Thank you for your comments! I always appreciate hearing from you. I have to agree with you they are amazing structures. As you know Cashel is extraordinary. The very first time we went there my elder brother wandered off and we 'found' him when he called down to us from way above our heads.
      He had climbed up into one of the principal parts and was walking through a sort of stone hallway.

      Cheers,
      Jennifer

      Delete
  5. Beautiful! I was surprised by the stone roofs at St. Kevin's Church.

    ReplyDelete
    Replies
    1. Hi Kathy,

      Thanks very for your comments! It is amazing that they were able to craft such roofs, and that those roofs still stand.

      Cheers,
      Jennifer

      Delete
  6. Lovely photos Jennifer, and plenty to add to my must-see list (and I thought I'd seen a lot of Ireland!). I'm glad you included Glendalough- I saw it first in winter with ice and frost...it was spectacular and holds a special place in my heart.

    ReplyDelete
    Replies
    1. Hi Pauleen,

      Thank you for your comments. As always they are much appreciated. One of the things I most love about Ireland is that there always something new to see. I've never seen Glendalough in the winter time, so I'll have to add that to my list. As I go through my parents' photo collection, I've discovered many images of them with friends at Glendalough when they were courting, something they had never mentioned. They are lovely to see.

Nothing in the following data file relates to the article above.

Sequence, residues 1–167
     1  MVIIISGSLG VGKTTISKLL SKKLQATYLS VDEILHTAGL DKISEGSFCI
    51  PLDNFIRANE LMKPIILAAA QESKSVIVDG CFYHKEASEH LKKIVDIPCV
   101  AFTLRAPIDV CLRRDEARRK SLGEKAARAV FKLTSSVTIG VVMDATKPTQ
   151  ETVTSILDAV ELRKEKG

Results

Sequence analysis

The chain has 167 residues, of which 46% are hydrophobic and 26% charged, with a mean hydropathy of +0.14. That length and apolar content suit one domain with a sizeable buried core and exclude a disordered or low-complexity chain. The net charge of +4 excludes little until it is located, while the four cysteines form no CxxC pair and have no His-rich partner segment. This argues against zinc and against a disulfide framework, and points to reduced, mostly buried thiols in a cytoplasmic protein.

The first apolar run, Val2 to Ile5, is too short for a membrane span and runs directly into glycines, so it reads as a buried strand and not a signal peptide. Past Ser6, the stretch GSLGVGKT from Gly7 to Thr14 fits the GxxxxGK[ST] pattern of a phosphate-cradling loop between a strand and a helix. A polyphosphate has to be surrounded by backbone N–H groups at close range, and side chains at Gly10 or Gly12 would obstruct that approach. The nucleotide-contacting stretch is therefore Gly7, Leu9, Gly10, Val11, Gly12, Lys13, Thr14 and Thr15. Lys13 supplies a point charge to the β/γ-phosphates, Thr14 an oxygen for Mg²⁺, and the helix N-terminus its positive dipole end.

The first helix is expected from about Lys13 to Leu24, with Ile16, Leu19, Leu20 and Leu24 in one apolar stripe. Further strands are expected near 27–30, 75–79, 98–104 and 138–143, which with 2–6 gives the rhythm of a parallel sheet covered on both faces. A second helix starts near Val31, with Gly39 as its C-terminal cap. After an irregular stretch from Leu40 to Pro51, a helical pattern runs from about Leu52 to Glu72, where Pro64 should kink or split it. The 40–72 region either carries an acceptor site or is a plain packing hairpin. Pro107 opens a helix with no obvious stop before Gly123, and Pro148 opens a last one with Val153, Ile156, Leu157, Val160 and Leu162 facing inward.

Cheers,
      Jennifer

      Delete
  7. Wonderful images, there is beauty in ruins as well.

    ReplyDelete
    Replies
    1. Hi Teresa,

      Thanks very much for your comments. I completely agree, there certainly is a beauty in ruins.

      Cheers,
      Jennifer

      Delete

Comments on this blog are always deeply appreciated; however, in the spirit of true collegiality, I ask that you do not write something you could not say to me in person.

There is a proliferation of SPAM on this blog, so unfortunately comments moderation must be in operation.

Any comments that are mean-spirited, include URLs which are not connected to the post topic, contain misinformation, or in any way resemble advertising, will be removed. Anonymous comments which do not bear the name of the person commenting within the body of the comment, or are clearly generated from fake Google or Blogger accounts, will also be deleted.

Cheers, Jennifer

Related Posts Plugin for WordPress, Blogger...